Ranch Hands Rescue to open safe house for male victims of sex trafficking

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Bob Williams, founder of Ranch Hand Rescue in Argyle, works tirelessly to help those in need, whether two- or four-legged. (Photo by Helen’s Photography)

A local nonprofit that aids abused people and animals announced this week that it plans to open one of the first safe houses in the country exclusively catering to male victims of sex trafficking, according to a news release.

A news release was sent Wednesday night on behalf of Robert Williams, CEO and founder of Ranch Hands Rescue Counseling Center and Animal Sanctuary to announce the plans.

Boys and men may represent nearly half of total sex trafficking victims, the news release said, citing the U.S. Department of State, but agencies find particular difficulty identifying male victims and catering to their unique needs. In addition, only about 16 percent of shelters for commercially sexually exploited children serve boys, according to the news release, citing JJIE.org.

“If we don’t provide shelter for victims of sex trafficking, their abusers are extremely likely to find them and bring them back into the trade,” Williams said in a prepared statement. “No person should be subjected to such a monstrous situation, but trafficked boys in particular are being overlooked; we’re going to change that now.”

Plans are in their initial stages, with benefactors currently deciding on an undisclosed location for the home, according to the news release.

Ranch Hands Rescue provides free services for young victims of physical and sexual abuse and veterans with PTSD. It also rescues animals and puts them together with its human patients to mutually benefit each other’s healing. It aims to build refuges for victims who have survived “the worst of the worst” circumstances, the news release said. Its two locations are in Argyle and far south Denton.

The organization’s two animal sanctuaries house more than 50 farm animals, most of them reclaimed from law enforcement and were found in neglectful or abusive situations with severe medical issues, pushing them to the verge of euthanasia, the news release said.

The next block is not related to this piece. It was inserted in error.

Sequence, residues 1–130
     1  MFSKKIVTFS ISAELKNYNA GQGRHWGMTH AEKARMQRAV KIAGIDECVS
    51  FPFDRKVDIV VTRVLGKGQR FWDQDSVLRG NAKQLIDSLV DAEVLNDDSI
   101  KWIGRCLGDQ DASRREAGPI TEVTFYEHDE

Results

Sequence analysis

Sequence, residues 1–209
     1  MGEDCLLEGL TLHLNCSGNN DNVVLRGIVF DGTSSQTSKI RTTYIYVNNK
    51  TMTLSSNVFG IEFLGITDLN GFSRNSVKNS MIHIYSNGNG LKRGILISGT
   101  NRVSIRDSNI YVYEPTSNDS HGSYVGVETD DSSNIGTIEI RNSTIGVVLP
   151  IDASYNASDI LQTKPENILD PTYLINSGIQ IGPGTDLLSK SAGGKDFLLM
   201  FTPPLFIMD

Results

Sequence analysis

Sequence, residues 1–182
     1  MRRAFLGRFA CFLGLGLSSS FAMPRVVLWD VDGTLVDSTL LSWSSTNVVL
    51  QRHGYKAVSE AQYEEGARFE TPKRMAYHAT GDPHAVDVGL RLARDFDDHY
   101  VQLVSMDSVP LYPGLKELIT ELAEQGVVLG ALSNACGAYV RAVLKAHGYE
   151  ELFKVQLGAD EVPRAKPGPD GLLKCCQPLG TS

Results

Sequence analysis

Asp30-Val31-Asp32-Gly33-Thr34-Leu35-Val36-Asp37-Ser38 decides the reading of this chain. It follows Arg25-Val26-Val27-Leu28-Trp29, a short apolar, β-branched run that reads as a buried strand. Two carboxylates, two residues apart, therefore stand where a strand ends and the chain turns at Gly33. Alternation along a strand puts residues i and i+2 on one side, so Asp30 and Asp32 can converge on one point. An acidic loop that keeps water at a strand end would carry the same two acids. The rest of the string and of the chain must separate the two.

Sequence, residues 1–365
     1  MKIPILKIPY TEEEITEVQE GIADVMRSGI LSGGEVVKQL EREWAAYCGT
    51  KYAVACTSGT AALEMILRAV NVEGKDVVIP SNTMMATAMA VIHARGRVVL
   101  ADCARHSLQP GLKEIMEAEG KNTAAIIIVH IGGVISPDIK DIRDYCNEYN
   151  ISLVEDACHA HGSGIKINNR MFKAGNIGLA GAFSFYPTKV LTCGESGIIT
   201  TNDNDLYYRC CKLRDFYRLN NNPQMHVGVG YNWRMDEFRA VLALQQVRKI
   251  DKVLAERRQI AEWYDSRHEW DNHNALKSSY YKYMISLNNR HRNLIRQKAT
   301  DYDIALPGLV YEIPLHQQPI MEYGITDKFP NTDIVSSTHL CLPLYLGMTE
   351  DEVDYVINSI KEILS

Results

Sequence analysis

The organization’s counseling center focuses on the 3-8 percent of trauma victims who don’t respond well in traditional counseling. That includes veterans with PTSD, sexually abused children and adults and sex trafficking victims. LPC-certified counselors take clients out to the animal sanctuary for time with horses, llamas, goats, sheep, and a mélange of other farm residents, where they can connect with a quiet companion who knows the depth of their pain.

“Once a person stops responding to traditional counseling, he or she is susceptible to developing self-destructive behaviors, such as eating disorders, physical mutilation, drug and alcohol addiction, or suicidal tendencies, just to name a few,” Williams said. “Our Equine and Animal Assisted Therapy gives emotionally tortured people the chance to reach the roots of trauma with the help of a rehabilitated animal by their side. This safe house will give hope to even more people who have been living through highly destructive cycles of abuse and slavery.”

With an unaccounted number of sex traffickers taking advantage of the un-tolled I-10 and I-35 corridors of Texas and the Mexican border, safe houses for victims are severely needed across the U.S., the news release said.

“This will be the first safe house for boys and men of any age in Texas, and one of the first we can find in the country,” Williams said. “Since we have a deficit of male care nationwide, we want to open our doors to those in need across the country. We’re ready to join with anyone who wants to fight this fight with us.”

About The Author

Mark Smith

Mark Smith is the Digital Editor of The Cross Timbers Gazette.

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